David Horovitz is the founding editor of The Times of Israel. He is the author of "Still Life with Bombers" (2004) and "A Little Too Close to God" (2000), and co-author of "Shalom Friend: The Life and Legacy of Yitzhak Rabin" (1996). He previously edited The Jerusalem Post (2004-2011) and The Jerusalem Report (1998-2004).
Screenshot from a webinar during which Israeli and Arab journalists, officials and communications professionals discussed the media's role in advancing Arab-Israel peace. September 21, 2020 (Facebook)
We were speaking a mix of English, Arabic and Hebrew, all trying to say as much as we could as clearly as we could, and also as quickly as we could because we knew so many people wanted to weigh in. Israel’s minister for regional cooperation was halfway through a brief, warm welcoming statement when his internet went down. One of the participants sounded like he was joining us from the world’s noisiest internet cafe, another as though he were under water.
Nobody said anything hugely dramatic. Nobody made hugely extravagant claims. But Monday’s webinar on the role of media in advancing peace in our region was quietly historic nonetheless. Organized by the Arab Council for Regional Integration, it brought together editors, journalists, academics and officials from Israel, our new Emirati and Bahraini peace partners, and several other countries in the region who haven’t yet joined the normalization process but may be about to do so.
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Among its central themes were that we know far too little about each other, that there are lots of nefarious forces striving to ensure that hostility and misinformation continue to hold sway, and that we journalists should be visiting each other’s countries and reporting on them — telling our readers, listeners and viewers about our diverse worlds, hitherto off-limits. The more nuance and depth journalists can bring to our relations, and thus the better we understand each other, I asserted in my brief contribution, the more likely this radical, laudable new normal will prove stable and sustainable.
I was at my desk in central Jerusalem for our two-hour regional conversation, and I wanted to grab my desktop webcam and point it out the window — to where the YMCA building just across from our office rises into the cobalt blue sky. Designed by the American architect Arthur Loomis Harmon, who was also responsible for the Empire State Building, this “sermon in stone,” as one of its former CEOs described it, was built in the 1920s and 1930s by Muslims, Christians and Jews, and its design carefully highlights Jewish, Christian and Muslim themes and sensitivities. At its entrance, a stone inscription, taken from the speech Lord Allenby delivered at the inauguration of the building in 1933, proclaims: “Here is a place whose atmosphere is peace, where political and religious jealousies can be forgotten and international unity be fostered and developed.”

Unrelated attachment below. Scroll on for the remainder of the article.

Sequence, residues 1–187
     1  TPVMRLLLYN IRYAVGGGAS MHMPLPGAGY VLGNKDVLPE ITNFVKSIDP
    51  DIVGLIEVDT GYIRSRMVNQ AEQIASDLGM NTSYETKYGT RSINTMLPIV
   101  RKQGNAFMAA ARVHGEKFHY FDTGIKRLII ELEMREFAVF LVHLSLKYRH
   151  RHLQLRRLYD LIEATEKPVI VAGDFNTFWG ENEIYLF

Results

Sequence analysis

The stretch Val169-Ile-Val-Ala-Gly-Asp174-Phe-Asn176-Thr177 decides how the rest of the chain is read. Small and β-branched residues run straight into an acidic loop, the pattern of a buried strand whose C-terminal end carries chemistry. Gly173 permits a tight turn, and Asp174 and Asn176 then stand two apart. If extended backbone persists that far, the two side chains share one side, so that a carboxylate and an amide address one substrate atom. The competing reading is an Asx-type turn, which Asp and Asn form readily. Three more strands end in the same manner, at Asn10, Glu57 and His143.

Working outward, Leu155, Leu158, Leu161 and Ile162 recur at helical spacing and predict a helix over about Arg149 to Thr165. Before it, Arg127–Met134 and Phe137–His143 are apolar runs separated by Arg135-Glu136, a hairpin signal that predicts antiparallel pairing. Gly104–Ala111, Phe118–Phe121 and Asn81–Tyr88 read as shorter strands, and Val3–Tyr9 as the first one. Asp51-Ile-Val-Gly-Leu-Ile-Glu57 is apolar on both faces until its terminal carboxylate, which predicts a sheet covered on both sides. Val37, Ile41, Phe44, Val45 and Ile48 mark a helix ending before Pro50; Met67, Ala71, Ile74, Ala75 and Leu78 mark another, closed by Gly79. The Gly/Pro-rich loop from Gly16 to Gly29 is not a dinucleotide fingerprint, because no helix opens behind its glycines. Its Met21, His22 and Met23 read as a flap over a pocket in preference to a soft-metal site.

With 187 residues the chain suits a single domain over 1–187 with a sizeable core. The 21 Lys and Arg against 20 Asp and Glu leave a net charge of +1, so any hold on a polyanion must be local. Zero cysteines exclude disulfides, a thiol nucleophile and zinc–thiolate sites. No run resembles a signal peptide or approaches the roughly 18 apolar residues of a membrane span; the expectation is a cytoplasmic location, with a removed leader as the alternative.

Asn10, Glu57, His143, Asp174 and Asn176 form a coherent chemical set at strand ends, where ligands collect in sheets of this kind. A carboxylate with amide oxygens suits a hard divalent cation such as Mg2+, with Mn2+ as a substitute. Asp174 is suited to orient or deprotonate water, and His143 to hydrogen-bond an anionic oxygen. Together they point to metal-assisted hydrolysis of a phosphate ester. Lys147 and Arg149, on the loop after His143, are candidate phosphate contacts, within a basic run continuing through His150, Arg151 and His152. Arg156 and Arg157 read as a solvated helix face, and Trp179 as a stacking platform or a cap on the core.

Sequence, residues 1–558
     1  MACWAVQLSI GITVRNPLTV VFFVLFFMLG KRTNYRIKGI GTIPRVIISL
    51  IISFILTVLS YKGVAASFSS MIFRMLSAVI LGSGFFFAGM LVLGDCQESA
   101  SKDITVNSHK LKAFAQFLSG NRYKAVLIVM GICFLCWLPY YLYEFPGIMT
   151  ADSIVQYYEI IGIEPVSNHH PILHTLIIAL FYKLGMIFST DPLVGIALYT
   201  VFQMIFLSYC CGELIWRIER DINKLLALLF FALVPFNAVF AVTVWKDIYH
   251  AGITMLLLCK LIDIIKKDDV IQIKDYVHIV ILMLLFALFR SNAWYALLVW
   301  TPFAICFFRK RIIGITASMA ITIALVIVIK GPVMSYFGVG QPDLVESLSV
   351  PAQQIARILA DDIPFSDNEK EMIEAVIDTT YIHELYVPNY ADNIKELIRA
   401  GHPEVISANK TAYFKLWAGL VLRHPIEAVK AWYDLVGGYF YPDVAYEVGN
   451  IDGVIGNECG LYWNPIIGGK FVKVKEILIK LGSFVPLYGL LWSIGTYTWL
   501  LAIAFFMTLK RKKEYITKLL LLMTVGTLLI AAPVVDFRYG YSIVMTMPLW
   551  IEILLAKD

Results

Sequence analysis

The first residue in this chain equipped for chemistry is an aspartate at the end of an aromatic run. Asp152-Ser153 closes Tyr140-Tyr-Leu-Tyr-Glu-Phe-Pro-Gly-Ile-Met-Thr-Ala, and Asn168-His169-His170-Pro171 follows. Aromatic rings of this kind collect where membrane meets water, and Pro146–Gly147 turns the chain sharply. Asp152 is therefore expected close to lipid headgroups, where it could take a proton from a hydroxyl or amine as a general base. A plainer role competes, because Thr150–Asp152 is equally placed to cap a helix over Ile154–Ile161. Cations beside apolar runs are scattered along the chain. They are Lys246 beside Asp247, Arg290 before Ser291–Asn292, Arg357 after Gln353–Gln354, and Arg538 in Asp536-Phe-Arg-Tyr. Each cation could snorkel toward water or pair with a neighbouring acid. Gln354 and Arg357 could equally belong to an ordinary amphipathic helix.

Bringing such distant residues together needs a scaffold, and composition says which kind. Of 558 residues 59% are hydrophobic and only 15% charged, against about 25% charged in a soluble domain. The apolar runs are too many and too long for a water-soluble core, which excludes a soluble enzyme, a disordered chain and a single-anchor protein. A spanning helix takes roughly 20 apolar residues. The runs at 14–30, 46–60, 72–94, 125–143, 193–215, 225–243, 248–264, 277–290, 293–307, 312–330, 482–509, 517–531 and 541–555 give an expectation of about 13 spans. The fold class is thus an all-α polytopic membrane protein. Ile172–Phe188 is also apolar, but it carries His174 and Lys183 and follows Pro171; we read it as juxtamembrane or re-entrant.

I wanted to show my new interlocutors this glorious building in the capital of our revived, historic Jewish state, and to briefly explain what it stands for. But I wasn’t sure how well they’d be able to see what I was trying to show them (and whether I’d be able to clip the camera back onto my screen efficiently), and so I didn’t risk it.
Instead, I’ve just walked over to the YMCA to photograph that stone inscription — a small testament to the possibilities of interfaith tolerance and harmony.
Inscription at the entrance to the Jerusalem YMCA (DH/Times of Israel)
In a letter read out on his behalf, President Reuven Rivlin invited all the participants in our online session to visit Israel “to get to know us better.” He urged us all to “dream big dreams — of exchange programs, joint productions and education programs for young journalists.” Said the president: “I hope you send correspondents here to cover the State of Israel and its society, as I hope our media will send to your countries.”
As the editor of the Times of Israel, which publishes in French, in Hebrew, in Farsi and in Arabic precisely so that readers around the world can “get to know us better” via a fair-minded narrative of what’s playing out in Israel, I felt privileged and proud to participate in Monday’s webinar. And let me restate here what I said online (at about 1 hour, 26 minutes in): that The Times of Israel would be delighted to host visiting journalists, and to be part of the training of young journalists from around the region.
Unlike for some of the other participants, there was no courage whatsoever required in my being on the call. We are free in Israel to produce independent journalism, and to report on and openly discuss our country far and wide — its achievements, controversies, its democratic battles and all. Hopefully, warming ties with Israel will gradually help extend the media freedoms we enjoy and insist upon more widely across the region as well. Hopefully, Monday’s quietly historic webinar was a first step, and such openness, too, can gradually become part of the new Middle East normal.